New Jersey's revenues are projected to fall more than $600 million short of what is budgeted for the fiscal year ending next month, the state treasurer said Wednesday, in large part due to income-tax collections missing their marks.
Acting Treasurer Ford Scudder told lawmakers that the Christie administration would fill the hole by shifting money from a number of areas that have underspent and cutting into the projected budget surplus.
As for the next fiscal year, which begins July 1, the administration has revised the $34.8 billion budget Gov. Christie proposed in February, reducing projected income-tax collections by $443 million.
The revised budget - now $34.5 billion - adds revenue from tax policy changes, including delaying a business-tax credit program. It decreases appropriations with more than $300 million in "budget changes" to a variety of programs, according to documents provided by the treasurer's office.
In remarks Wednesday to the Assembly Budget Committee, Scudder singled out the delayed business-tax credits - a change he said would net an additional $135 million in corporation business tax revenues next year - and increasing by $25 million the reduction of state charity-care payments to hospitals.
The administration also will propose legislation to increase income-tax withholding for lottery winners, Scudder said. Under the proposal, he said, lottery winnings above $10,000 would face "immediate withholding" at New Jersey's top income-tax rate - 8.97 percent - instead of a 3 percent rate.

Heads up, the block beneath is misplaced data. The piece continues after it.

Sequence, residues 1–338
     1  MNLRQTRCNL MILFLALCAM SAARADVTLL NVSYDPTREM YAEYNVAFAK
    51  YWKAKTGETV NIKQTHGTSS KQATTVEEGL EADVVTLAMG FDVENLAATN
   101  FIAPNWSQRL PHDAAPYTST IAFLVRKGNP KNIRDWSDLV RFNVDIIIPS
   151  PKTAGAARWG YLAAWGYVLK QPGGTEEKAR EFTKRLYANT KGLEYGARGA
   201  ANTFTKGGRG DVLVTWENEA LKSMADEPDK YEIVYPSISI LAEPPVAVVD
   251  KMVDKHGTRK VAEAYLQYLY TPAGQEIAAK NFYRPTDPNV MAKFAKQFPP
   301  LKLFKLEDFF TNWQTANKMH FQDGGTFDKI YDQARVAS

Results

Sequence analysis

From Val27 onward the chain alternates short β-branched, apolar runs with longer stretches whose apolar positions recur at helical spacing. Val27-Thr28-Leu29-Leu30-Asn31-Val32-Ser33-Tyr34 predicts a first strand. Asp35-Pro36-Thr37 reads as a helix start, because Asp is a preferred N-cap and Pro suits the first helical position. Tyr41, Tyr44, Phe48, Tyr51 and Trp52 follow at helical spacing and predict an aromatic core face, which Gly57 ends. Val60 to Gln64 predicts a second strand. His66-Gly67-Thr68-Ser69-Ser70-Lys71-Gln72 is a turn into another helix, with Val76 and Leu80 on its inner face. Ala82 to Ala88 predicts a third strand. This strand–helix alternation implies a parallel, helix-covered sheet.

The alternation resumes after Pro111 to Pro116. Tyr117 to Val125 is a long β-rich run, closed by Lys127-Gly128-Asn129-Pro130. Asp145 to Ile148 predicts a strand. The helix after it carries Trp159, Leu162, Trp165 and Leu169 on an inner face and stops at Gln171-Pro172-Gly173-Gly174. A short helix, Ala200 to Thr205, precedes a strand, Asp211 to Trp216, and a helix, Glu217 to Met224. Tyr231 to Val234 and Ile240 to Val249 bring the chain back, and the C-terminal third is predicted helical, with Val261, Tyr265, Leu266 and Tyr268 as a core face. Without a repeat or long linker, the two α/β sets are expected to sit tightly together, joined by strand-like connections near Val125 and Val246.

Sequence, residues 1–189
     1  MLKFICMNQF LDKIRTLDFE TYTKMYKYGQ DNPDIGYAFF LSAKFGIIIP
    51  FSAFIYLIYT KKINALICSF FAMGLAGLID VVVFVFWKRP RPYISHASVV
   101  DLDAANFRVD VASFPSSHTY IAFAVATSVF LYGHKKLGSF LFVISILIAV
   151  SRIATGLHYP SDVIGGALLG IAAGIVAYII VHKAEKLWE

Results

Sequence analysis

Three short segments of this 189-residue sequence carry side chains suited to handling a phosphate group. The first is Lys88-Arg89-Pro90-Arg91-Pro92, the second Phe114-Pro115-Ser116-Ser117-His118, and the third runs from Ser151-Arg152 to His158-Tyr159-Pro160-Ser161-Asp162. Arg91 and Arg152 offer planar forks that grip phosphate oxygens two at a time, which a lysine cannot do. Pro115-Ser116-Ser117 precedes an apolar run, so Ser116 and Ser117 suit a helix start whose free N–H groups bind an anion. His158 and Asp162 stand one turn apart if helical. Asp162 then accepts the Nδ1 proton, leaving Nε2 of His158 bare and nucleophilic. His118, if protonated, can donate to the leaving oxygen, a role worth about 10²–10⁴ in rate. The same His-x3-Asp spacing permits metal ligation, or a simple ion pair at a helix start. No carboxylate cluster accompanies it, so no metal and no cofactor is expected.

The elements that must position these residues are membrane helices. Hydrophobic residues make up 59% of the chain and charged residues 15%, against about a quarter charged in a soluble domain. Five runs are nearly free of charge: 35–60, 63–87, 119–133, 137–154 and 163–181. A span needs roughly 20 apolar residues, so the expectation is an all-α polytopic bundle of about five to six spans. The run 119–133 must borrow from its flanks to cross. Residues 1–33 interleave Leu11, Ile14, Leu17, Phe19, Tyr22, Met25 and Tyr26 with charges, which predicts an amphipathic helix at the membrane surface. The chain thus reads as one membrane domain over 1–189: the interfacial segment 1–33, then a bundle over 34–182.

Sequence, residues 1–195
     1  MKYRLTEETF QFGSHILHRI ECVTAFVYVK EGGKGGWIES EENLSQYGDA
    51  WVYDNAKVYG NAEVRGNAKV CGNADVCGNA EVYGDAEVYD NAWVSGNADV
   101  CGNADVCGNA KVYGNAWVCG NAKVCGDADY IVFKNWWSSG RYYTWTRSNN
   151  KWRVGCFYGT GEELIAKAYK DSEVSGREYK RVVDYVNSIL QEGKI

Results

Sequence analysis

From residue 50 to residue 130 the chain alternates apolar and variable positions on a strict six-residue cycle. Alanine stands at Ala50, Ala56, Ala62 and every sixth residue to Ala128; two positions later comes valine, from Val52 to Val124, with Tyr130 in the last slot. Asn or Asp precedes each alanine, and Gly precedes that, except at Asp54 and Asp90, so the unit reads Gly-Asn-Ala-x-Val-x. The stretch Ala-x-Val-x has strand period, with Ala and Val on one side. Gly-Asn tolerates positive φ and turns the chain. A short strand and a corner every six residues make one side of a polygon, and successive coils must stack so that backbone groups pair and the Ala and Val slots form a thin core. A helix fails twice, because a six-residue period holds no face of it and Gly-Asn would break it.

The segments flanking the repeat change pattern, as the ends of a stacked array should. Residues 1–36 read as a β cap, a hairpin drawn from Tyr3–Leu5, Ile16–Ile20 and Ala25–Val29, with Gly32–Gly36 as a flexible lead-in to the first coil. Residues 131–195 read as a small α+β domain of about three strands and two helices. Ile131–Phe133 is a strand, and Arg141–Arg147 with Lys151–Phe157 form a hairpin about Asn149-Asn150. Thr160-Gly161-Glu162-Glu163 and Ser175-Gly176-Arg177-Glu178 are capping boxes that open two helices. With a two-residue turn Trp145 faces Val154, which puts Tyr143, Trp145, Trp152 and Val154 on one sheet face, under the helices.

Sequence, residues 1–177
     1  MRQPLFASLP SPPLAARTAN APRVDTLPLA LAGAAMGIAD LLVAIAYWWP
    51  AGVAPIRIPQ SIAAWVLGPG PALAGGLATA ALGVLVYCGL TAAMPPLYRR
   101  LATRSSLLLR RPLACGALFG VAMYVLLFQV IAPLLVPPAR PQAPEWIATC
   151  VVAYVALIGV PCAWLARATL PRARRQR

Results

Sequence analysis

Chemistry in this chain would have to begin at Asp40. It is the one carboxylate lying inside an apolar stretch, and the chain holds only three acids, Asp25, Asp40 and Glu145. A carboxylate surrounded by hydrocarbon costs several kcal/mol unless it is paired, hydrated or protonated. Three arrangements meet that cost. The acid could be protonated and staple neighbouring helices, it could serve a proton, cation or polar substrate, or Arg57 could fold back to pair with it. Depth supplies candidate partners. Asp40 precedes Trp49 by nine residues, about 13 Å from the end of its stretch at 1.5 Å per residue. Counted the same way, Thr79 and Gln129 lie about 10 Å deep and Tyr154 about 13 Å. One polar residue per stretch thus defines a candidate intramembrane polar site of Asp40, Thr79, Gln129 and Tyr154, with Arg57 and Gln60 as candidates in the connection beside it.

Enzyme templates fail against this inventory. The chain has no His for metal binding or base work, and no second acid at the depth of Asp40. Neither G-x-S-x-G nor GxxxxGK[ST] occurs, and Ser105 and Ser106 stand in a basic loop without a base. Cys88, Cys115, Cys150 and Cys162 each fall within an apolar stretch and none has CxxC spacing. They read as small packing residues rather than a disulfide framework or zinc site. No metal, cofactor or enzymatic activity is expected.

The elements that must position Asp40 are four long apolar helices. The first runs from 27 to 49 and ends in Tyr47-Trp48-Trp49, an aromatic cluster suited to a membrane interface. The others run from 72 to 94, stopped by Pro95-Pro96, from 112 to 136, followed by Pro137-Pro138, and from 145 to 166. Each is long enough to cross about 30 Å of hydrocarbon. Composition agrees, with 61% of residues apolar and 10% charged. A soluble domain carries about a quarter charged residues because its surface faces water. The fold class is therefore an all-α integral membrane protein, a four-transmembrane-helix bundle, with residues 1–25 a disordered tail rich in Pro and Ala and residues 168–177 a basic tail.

Scudder said the change was "not an increase in taxes owed" but would "ensure that existing tax liabilities are ultimately collected on winnings." It would increase next year's income-tax collections by $25 million, he said.
The administration plans to make scheduled payments into the state pension system, Scudder said.
In spring 2014, Christie announced plans to cut promised payments into the pension system in response to a two-year, $2.75 billion revenue shortfall - a move that spurred a legal battle decided in Christie's favor by the New Jersey Supreme Court.
The projected revenue gap discussed Wednesday was smaller: $1.1 billion over two years, according to the Office of Legislative Services.
Asked Wednesday about the prospect of another drop in New Jersey's credit rating - which has been downgraded nine times by the three rating agencies during Christie's tenure - Scudder said that the state had been increasing its pension payments "meaningfully," and that use of onetime revenue gimmicks had declined.
"I do not believe that a further downgrade would be warranted," he told lawmakers. One factor considered by the rating agencies is how the state withstands changes in its revenue forecast, he said.
Scudder said New Jersey is "far too reliant" on its highest earners, with a progressive tax code that leads to volatility in tax collections.
At an earlier hearing Wednesday, Frank Haines, legislative budget and finance officer, told Assembly lawmakers that volatility was "certainly present" in the revised Office of Legislative Services revenue outlook, and described a weak year in the stock market.
But Haines said projections also had fallen short in withheld income-tax collections - an area that does not necessarily pertain to high earners.
New Jersey is not alone in taking in less revenue than expected. California, Massachusetts, Connecticut, and Pennsylvania have reported spring income-tax collections that fell short of projections, Haines said. He also said April's federal income-tax collections were down from last year's.